Review: The Lesson by Drama Box
In the murky realm of politics, do we truly have any say or power? In the grand scheme of things, does our voice get heard at all, or will it simply be lost to the cacophony?
First staged in 2015 as part of the Singapore International Festival of the Arts, Drama Box has brought back their participatory theatre work The Lesson, bigger than ever and running for a whopping three weeks across various venues. Set up in Drama Box’s giant pop-up venue GoLi, The Lesson‘s venue was key to its form as participatory theatre – being held in the open attracts passers-by, generating interest, and the free entry lowers the barriers to entry, encouraging not only frequent theatregoers and patrons of the arts, but also members of the public who might not usually be engaged by theatre.
As for the show itself, The Lesson thrusts audiences into a hypothetical situation where an unnamed estate has been chosen as the site of a new MRT station. But in order to build that station, the government has decided to demolish one of seven important venues, each with their own cultural or social significance. As to which of the seven eventually gets chosen, it’s all up to the audience to cast their vote and make the final decision who goes onto the chopping block.
All around GoLi, Drama Box enacted representations of each of the seven venues, along with a fact sheet about the history and significance of each site so that prior to the show, audiences could examine these sites to make an informed decision and not vote blindly. Each of the enactments, though small, were surprisingly detailed and might well have been cut straight from an actual venue. The cinema, for example, used actual seats from a cinema, while the halfway house, bathed in a cold blue light, was the microcosm of a single life in recovery, a blue guitar on the bed and newspapers strewn on the nightstand. This set-up was very well done, and integral to getting audience members emotionally invested in the scenario, due to how realistic it was, and one imagines that audiences linked each venue to an actual real life location as they walked around, pondering each site’s future. Given enough time and effort, each and every one of these sites even has the potential to become the subject of a full length play.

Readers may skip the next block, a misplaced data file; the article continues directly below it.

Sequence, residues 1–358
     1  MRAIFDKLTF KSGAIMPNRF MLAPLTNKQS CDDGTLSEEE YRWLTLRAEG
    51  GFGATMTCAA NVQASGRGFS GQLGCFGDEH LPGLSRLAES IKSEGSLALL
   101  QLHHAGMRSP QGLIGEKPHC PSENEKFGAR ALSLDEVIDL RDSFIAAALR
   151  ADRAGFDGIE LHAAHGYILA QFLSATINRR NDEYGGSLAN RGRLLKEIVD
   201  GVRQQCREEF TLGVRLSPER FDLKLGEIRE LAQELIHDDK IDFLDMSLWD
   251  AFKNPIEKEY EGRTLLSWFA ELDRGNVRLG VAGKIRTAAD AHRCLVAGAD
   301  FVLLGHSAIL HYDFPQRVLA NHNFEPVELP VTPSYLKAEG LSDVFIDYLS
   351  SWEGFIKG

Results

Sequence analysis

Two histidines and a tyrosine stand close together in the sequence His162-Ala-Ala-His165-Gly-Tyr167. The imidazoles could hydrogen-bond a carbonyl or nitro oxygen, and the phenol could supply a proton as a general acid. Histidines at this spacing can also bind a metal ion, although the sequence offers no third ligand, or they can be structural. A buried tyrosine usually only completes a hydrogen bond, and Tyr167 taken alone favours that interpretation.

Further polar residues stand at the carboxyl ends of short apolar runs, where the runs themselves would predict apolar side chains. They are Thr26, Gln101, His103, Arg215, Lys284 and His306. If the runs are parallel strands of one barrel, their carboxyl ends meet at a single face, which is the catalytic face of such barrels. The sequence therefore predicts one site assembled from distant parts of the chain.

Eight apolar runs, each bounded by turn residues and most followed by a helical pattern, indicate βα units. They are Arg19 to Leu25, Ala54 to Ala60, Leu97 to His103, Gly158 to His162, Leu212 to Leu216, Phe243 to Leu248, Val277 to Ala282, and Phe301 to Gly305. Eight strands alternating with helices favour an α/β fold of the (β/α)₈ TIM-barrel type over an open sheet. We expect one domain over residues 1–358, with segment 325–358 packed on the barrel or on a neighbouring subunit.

The Lesson starts off with Drama Box’s facilitators presenting the scenario to the eighty or so audience members, and initially indicating which venue was the favourite to go. A panel of three specialists from various fields were also present to give their take on the potential social impact of demolishing a site and insight into what reasons might factor into making the best decision.
Audiences coming into The Lesson expecting a nice sit-down affair should be forewarned that Drama Box will be having none of that apathy – once The Lesson kicked into full gear, audience members were tasked to physically move to the site they believed least deserved to go, and defend their decision in a makeshift debate. Although slow at first, as more people spoke, audiences became increasingly invested in their choices, and GoLi really began to heat up as passions ran high and people began throwing other venues under the bus. Perhaps owing to the fictitious nature of the scenario, audience members were more willing to speak up, yet speaking with equal verve as if the project had actual, real life stakes. Interestingly, some speakers also naturally fell into dramatic archetypes as the conversation went on, such as environmentalist types defending the marsh, or restating familiar arguments such as the columbarium being ‘a place merely for the dead’.